Electrical Design Coordination and Cross-Disciplinary Training

The early coordination of electrical design with other disciplines—including architectural, mechanical, and plumbing—is an important factor in project efficiency and success. Lights, convenience receptacles, and electrical equipment must be coordinated with other disciplines on the project design team; this includes some of the most apparent design components such as major pieces of mechanical and plumbing equipment. However, there are less obvious items that are often overlooked and electrical engineers who are experienced and have cross-disciplinary training can identify these early in the design process. Early coordination and identification of obscure items can ensure integrated design where the planning and installation of systems support the project goals, projects are bid accurately, and construction schedules are more predictable with fewer change orders.

Get to know less obvious items which require power and possibly fire alarm integration so the correct circuits can be incorporated into the design during preliminary to working drawings:

Architect-specified items/equipment:

  • Motorized projection screens and projectors –typically found on the reflected ceiling plan (RCP)
  • Electric hand dryers – typically found on enlarged restroom plans and the associated schedules
  • Motorized shades – may be shown on the RCPs or on the glazing plans and schedules
  • Automatic doors –typically found in the hardware schedule and associated specifications
  • Overhead doors –typically found in the hardware schedule and associated specifications. The doors themselves will also show up on the floor plans.
  • Door Hardware – the door hardware schedule or specifications will indicate where power supplies are needed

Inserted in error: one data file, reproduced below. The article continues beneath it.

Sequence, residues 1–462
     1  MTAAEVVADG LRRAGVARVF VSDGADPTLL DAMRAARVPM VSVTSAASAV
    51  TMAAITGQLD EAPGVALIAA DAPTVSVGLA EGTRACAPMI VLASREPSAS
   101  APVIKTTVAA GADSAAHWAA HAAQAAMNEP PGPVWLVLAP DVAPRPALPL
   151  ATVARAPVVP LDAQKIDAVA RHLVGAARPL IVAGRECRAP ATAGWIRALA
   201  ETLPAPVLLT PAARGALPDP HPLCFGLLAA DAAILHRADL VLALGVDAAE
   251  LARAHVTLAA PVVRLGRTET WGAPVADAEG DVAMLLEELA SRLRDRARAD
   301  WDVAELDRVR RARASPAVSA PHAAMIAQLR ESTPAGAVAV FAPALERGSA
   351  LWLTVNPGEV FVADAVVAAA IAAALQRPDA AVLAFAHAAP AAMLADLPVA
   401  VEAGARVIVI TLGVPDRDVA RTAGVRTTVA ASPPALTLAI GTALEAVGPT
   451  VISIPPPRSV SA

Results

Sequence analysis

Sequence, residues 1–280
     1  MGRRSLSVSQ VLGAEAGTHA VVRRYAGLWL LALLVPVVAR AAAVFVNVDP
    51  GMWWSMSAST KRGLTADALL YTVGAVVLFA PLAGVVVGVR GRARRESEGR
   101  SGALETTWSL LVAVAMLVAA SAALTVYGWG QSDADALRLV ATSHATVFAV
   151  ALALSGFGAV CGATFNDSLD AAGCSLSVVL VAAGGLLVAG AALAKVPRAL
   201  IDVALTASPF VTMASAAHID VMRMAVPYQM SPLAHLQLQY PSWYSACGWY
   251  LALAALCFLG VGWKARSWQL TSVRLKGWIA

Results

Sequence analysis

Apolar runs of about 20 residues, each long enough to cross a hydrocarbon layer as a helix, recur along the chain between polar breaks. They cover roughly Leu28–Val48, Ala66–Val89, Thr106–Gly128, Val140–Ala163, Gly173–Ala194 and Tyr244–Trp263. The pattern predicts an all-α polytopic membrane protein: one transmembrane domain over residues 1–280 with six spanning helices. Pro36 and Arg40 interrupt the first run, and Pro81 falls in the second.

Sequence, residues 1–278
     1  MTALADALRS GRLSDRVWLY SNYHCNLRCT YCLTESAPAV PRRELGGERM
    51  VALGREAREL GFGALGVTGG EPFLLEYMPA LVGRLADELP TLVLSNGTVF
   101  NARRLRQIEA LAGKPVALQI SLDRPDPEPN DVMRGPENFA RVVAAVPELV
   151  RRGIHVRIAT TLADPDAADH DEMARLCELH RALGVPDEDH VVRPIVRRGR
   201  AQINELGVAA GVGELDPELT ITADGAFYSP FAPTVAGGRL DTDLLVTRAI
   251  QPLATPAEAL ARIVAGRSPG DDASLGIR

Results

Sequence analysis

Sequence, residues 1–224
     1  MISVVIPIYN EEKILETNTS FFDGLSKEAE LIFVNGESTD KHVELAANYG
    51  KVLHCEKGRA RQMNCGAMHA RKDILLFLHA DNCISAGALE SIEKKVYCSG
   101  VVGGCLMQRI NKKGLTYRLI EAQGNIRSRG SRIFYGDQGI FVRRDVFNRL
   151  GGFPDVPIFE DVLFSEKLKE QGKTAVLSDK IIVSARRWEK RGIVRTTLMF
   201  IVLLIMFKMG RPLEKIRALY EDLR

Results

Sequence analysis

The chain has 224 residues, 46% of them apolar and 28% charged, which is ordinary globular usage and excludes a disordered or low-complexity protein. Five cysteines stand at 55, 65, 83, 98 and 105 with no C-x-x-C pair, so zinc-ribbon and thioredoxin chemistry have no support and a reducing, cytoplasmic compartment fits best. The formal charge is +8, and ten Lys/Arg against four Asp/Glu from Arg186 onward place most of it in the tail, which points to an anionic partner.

Mechanical, plumbing, and fire protection designs:

  • Heat trace – may only be indicated in the mechanical schedules or on a detail
  • Condensate pumps – may or may not be scheduled separately; they may only be indicated as a note in a mechanical equipment schedules
  • Motorized dampers – even if low voltage there is always 120V that has to supply power to the low voltage transformers
  • Controls – power will be needed for the main locations and may be needed at auxiliary locations
  • Sprinkler Dry pipe compressor – may only be indicated on the sprinkler riser diagrams
  • Pre-action panel – may only be indicated on the sprinkler riser diagrams
  • Depending upon project type/scope and division of responsibility between the various engineers, electrical coordination will also involve fire alarm systems, security (CCTV and/or access control) systems, IT systems, DAS (distributed antenna system), kitchen equipment, lab equipment, and other specialty items.

Electrical engineers who are trained in cross-disciplinary design are more effective with interdisciplinary coordination. They can deal with complexity, identifying both major and obscure elements of possible electrical coordination. This results in a properly coordinated set of drawings—ultimately projects that are accurately bid and have fewer RFIs with systems installed smoothly, allowing for more predictable schedules.

Post Contributor – Adrienne M. Hendrickson, PE, LEED AP BD+C, Senior Electrical Engineer